How has your solution transformed the industry?
Every single year, $120 billion worth of unused textiles are left in a warehouse to gather dust, get burned, or sent to landfill. We know from speaking to suppliers, brands, and retailers around the world where it comes from: approximately 15% of every single step of every production run ends up as waste. So, this isn’t a problem that’s confined to any particular business model – it’s occurring globally, within every supply chain. For a large brand or retailer, we’re not just talking about scraps off the cutting room floor. This can be millions of yards of perfectly good fabric and thousands of SKUs around the world. At that volume, this isn't just environmentally irresponsible, it's a CFO issue!
What empowered you to disrupt this industry?
My family has been in fashion and textiles for over 100 years. In 1896, my great-grandfather came over on a ship from Austria and landed at Ellis Island. After settling into the Lower East Side, he had to make a living for his family as an immigrant chasing the American Dream. So he started working with his hands. He would find materials and supplies nearby (old fabrics and materials other immigrants had brought with them on the ships but weren't using anymore). He’d create beautiful fashion garments with minimal waste and minimal toxins because his bottom dollar depended on it. He sold finished goods to local customers and it was a very successful, profitable, and sustainable business.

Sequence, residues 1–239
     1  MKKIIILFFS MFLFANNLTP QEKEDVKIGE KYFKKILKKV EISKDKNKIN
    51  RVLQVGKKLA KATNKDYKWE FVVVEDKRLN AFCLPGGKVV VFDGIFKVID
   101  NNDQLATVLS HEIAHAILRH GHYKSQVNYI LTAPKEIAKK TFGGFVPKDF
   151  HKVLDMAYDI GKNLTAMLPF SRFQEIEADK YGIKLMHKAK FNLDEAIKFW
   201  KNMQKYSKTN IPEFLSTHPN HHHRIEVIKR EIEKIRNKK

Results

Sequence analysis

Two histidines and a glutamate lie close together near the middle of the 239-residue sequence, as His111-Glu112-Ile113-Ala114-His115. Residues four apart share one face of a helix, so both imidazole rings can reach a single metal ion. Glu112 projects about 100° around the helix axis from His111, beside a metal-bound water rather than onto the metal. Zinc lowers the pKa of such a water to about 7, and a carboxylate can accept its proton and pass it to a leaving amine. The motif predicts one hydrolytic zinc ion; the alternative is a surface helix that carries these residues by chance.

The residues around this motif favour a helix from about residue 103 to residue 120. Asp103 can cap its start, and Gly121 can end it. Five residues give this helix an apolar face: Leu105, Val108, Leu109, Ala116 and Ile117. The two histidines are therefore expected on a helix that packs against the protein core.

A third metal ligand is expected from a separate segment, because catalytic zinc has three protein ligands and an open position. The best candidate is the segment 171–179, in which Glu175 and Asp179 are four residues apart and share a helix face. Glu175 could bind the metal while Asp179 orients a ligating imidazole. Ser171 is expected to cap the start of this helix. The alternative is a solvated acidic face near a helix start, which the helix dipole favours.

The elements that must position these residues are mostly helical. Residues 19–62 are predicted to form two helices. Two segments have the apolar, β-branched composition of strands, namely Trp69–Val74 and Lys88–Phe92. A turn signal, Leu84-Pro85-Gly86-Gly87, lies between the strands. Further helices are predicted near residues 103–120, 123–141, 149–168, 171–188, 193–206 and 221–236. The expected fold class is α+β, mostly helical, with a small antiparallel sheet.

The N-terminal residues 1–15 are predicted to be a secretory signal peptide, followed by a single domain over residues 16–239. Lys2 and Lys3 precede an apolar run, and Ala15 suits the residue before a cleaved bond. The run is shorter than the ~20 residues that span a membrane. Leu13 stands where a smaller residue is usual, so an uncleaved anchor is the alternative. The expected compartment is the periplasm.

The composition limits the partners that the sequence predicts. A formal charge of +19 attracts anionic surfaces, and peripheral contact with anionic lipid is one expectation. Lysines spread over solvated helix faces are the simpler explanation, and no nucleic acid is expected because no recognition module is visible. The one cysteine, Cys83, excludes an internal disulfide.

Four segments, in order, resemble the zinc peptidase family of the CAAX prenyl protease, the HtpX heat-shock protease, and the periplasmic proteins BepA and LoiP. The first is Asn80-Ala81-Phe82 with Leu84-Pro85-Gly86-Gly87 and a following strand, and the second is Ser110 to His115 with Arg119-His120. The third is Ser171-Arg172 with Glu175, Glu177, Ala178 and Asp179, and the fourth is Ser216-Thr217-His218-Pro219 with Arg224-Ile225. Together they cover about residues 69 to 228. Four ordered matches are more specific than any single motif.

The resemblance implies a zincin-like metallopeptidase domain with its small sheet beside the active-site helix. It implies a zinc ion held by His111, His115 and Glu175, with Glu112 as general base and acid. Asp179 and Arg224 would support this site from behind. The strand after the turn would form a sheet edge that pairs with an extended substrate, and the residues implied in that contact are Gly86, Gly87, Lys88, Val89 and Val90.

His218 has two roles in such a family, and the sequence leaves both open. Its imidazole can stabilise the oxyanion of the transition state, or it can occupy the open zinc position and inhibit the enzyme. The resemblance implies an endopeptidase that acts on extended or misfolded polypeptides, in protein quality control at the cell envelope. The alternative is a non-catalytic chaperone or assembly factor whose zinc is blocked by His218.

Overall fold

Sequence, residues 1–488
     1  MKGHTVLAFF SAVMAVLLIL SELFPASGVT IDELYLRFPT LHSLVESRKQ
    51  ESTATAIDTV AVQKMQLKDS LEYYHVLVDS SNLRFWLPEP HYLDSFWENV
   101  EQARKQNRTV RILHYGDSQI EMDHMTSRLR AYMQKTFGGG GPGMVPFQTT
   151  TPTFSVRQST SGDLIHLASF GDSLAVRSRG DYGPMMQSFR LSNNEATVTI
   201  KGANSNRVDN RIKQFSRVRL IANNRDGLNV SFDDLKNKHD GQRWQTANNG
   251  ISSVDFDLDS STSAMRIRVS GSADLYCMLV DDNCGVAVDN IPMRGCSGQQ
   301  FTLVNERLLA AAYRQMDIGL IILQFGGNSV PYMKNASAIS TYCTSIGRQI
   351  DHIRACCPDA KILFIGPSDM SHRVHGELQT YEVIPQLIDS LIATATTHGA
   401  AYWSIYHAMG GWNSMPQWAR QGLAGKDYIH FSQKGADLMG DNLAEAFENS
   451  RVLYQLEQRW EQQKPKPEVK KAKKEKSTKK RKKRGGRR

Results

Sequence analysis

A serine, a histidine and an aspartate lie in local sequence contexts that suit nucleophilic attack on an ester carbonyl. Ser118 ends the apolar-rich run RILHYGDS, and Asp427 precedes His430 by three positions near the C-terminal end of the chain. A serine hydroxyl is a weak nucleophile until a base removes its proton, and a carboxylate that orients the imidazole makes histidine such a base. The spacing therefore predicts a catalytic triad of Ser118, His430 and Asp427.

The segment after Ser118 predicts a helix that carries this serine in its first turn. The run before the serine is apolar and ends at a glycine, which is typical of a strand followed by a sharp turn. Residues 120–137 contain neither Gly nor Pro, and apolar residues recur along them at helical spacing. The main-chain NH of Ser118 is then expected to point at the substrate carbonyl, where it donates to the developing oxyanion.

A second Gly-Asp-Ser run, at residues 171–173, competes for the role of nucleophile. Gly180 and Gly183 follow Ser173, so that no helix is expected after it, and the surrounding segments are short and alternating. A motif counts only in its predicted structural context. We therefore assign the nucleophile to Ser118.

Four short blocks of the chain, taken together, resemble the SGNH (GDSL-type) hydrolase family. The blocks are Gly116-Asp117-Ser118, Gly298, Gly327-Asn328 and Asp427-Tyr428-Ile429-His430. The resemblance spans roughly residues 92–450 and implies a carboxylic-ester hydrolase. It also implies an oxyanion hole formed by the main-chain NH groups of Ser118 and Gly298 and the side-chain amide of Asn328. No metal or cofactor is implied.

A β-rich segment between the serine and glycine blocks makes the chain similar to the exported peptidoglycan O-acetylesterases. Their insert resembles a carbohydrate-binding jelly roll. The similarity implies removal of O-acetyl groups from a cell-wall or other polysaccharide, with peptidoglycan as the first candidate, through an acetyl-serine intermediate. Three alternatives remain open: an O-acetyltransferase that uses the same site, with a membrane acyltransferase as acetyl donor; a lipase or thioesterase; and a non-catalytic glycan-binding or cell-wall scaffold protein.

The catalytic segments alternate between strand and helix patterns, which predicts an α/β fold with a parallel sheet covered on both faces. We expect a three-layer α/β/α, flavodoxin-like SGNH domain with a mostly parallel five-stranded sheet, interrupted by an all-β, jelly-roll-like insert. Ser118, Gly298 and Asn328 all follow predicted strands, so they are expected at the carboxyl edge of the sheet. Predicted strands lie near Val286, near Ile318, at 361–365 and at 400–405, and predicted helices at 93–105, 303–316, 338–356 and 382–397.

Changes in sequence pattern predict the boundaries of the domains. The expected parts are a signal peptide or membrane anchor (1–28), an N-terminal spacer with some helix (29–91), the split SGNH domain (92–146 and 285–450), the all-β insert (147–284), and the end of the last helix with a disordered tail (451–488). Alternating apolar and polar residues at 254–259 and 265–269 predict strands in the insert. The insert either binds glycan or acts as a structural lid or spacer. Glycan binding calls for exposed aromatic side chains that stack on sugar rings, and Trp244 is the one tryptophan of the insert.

Of course, today's supply chains are much more complicated. Hundreds of steps involving millions of people across the globe and metric tons of water, chemicals, crops, and oil are used in the process. Given where we are today, with trade wars and pandemic disruption, how can we use technology to get back to what my great-grandfather did? He didn’t talk about it in terms of sustainability, but it absolutely made sense for people, for planet, and for profit!
Right now, our world is literally crying out for change, and the question for brands and retailers is how they can be a part of it, rather than ending up as a dinosaur. For me, dead stock material is probably the most powerful untapped sourcing mechanism there is. Especially given that we know the next generation supply chain is going to be on-demand, more local, more sustainable, and more digital. If fashion businesses can get ahead of that they’ll be able to survive today and thrive tomorrow, while solving the world's water crisis.
I want my 5-year-old son and my 12-month-old to have clean water to drink, clothes that aren't toxic to wear, and a planet to live on. We've already saved over 1 billion gallons of water doing it, and we're just getting started. Together we will change the world!